"This is one of the most significant things to happen to the real estate industry in a long time," adds Cindy Butts of the Maine Association of REALTORS, "especially since NAR was specific in its demand that buyer's reps not be excluded from IDX."

Educated consumers drive wide acceptance of IDX
Consent to participate in IDX is usually presumed, unless the Participant expressly opts out, either on a blanket or listing-by-listing basis. However, by opting out on a blanket basis that Participant surrenders the right to post MLS information from other brokers. Yet, who would opt out?

When the Regional Multiple Listing Service of Minnesota started their IDX in January of 2000, only 12 of over 1,200 brokers opted out. Today, that number is down to 9, well under a half percent of all members! In Portland Oregon, Beth Murphy of RMLS reports that their three-year old IDX includes 98% of all area listings. In fact, more listings are shared between brokers than are posted to aggregate sites. The Florida Association of REALTORS is even offering IDX free to all of its members.

Indeed, IDX had been enthusiastically adopted in many areas before the 1/1/02 mandate, but some in the industry resisted the entire concept. "A few agents worried that IDX would undermine their control," recalls Brett Frosaker of John L. Scott Real Estate in Seattle, a very tech-oriented market. "But what you get with IDX is a more educated consumer. As a Buyer's Agent, you're concentrating less on the property and more on the transaction, functioning more as a counselor or consultant." Tom Dooley, former Chairman and CEO of the Real Estate Buyer's Agent Council, points out that much of the criticism aimed at IDX sounds familiar. "There's opposition from some large brokerages," says Dooley, "who fret that IDX offers easy pickings of choice listings. But that same argument was made against MLSs when they were introduced thirty years ago." And just as consumer demand drove universal acceptance of MLSs, that same force drives—and will continue to drive—IDX into widespread use.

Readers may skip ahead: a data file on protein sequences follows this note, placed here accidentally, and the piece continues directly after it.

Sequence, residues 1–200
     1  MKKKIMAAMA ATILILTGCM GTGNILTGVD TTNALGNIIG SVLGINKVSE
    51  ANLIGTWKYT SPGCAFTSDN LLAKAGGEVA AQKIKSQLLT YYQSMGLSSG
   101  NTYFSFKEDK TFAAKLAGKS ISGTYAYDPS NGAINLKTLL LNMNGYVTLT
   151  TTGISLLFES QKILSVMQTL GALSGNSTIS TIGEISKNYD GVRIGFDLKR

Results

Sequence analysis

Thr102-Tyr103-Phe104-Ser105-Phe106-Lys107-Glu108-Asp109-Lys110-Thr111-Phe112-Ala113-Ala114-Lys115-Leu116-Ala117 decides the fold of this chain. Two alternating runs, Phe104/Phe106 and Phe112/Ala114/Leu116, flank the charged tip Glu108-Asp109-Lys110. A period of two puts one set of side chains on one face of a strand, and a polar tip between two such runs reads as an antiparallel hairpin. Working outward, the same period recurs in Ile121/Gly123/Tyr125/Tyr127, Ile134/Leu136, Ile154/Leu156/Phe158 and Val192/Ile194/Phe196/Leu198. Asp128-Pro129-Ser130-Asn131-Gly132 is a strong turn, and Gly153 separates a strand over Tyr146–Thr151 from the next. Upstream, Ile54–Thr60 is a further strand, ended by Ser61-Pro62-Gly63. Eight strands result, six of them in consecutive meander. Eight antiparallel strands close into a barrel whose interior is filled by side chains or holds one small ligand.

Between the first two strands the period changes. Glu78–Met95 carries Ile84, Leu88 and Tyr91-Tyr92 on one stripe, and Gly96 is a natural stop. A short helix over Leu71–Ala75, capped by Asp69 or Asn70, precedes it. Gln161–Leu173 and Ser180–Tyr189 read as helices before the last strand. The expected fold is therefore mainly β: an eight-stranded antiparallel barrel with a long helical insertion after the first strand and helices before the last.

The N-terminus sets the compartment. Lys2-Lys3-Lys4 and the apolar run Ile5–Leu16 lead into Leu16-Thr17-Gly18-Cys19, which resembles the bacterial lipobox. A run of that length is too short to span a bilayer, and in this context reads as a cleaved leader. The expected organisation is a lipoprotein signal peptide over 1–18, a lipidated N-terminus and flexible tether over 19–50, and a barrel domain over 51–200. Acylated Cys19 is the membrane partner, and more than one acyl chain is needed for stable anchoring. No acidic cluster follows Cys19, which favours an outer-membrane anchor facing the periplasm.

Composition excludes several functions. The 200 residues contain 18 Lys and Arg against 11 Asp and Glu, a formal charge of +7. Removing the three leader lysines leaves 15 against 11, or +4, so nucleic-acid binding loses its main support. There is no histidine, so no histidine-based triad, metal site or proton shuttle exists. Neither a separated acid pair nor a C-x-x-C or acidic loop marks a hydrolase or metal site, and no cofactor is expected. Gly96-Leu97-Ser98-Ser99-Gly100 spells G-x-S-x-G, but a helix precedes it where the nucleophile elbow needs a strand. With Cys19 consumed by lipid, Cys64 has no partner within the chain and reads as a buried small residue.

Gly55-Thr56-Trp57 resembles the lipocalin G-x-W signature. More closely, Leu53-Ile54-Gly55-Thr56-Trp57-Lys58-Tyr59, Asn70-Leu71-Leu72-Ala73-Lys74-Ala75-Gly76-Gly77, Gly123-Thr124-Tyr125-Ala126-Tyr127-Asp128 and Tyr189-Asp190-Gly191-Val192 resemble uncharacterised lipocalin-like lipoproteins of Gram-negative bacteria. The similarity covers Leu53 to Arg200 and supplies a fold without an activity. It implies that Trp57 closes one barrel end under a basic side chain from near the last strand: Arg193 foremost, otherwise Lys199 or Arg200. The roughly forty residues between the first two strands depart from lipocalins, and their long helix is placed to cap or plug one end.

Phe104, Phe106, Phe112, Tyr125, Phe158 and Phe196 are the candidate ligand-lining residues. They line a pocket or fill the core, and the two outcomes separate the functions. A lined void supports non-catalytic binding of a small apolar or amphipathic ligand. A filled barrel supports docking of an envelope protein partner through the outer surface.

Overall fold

The buyer-consumer stays at your site
To really appreciate how beneficial IDX will be to all, a few myths about IDX must be dispelled. First, IDX does not bestow any unfair advantages to anyone. How can it? Each MLS Participant has the same access to the same information. Second, the MLS is not required to provide and maintain a Web site. All the MLS must do is ensure that its data is accessible for transfer to individual Participants' Web sites. This information was usually accessible by consumers before; IDX just makes it easier for them to display it on the Internet. And the easier it is for home buyers to find listing information, the better that is for everyone involved in the transaction. The biggest difference, however, and the biggest advantage to brokers, listing agents and buyer's reps alike, is how MLS information is displayed.

Before the IDX Age, there were three ways for brokers, listing agents and buyer's reps to post listings on their own Web sites: show property data about their own listings; provide a link to aggregate sites, like REALTOR.com; or provide a link to the local MLS—if it had a consumer-searchable function. All three made the consumer leave the site to view property listings. And once they were gone, often they were gone for good.